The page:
Switzerland develops new glass anti-fog coatings
Although electric heating can now be used to solve the problem of fogging of window glass, researchers at ETH Zurich in Switzerland have developed a new anti-fog coating that can use light to heat the surface and more It is well used in exterior windows, sunshades, automotive windshields, etc., and does not require a power supply.
Removing the mist from the glass is not a new problem, there are many ways to solve it. Simple is waterproof coatings, usually used for glass or sun visors, and some claim to be permanent. Other more active methods are to heat the elements in the lens to prevent water droplets from collecting, but this obviously requires a power supply.
The new design of the ETH Zurich team is like a heating element that does not require a power supply. The new coating contains gold nanoparticles embedded in titanium oxide that captures the infrared portion of sunlight and a portion of visible light and heats the surface to prevent condensation from appearing. Importantly, the coating is still transparent.
The team said the coating will increase heat by 3°C or 4°C, which is four times faster than conventional anti-fog sprays. And because the mechanism is built-in, the new coating should continue to work longer, and the team plans to adjust the formula to make it last for years.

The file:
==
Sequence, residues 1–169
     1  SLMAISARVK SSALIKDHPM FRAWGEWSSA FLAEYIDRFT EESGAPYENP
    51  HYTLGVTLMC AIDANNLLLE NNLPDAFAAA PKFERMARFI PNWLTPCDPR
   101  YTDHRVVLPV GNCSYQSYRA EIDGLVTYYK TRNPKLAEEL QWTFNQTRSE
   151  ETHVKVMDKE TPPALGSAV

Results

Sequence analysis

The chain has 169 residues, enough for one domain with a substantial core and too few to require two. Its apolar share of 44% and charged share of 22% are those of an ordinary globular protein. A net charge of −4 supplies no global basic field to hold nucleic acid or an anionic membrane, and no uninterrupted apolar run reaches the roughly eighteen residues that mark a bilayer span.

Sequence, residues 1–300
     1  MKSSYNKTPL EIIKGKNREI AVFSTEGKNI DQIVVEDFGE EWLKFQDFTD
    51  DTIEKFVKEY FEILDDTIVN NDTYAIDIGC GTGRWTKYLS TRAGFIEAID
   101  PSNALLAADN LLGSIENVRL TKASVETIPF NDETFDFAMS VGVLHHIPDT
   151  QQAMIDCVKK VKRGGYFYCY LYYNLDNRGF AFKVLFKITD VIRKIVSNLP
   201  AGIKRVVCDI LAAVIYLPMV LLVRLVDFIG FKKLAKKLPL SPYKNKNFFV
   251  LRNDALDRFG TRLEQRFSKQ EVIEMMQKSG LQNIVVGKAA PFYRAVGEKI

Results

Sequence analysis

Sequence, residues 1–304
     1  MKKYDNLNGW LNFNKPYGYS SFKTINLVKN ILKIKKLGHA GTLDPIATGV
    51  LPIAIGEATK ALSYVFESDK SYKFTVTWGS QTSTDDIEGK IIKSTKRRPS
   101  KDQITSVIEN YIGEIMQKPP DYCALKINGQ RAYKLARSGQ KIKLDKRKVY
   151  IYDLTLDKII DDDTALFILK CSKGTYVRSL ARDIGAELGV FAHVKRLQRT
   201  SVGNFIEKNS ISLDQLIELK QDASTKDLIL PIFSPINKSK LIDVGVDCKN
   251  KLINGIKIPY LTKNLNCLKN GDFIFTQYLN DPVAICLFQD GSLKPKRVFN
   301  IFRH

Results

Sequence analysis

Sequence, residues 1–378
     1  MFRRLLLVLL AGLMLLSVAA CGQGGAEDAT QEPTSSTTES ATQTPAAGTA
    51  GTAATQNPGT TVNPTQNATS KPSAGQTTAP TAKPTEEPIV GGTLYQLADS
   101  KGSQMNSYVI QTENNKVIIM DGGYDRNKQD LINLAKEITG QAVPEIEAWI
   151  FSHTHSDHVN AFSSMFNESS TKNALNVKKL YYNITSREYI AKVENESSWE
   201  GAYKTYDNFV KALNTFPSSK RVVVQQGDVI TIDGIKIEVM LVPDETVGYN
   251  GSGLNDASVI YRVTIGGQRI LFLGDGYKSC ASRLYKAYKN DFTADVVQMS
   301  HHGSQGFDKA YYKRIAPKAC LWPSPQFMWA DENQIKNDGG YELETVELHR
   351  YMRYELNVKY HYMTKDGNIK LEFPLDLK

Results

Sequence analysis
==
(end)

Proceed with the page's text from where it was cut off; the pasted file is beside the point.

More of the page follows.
“Spray treatment often loses its effect after a while because the anti-fog film will dry out or be unevenly distributed,” said Christopher Walker, the 1st author of the study. “Durable coatings like ours last longer than spray treatment, and ordinary spray coatings must be applied once a day.”
In addition to glass, the researchers say the new coating can also be used in wearables such as eyeglasses, ski goggles, diving masks or motorcycle helmets.
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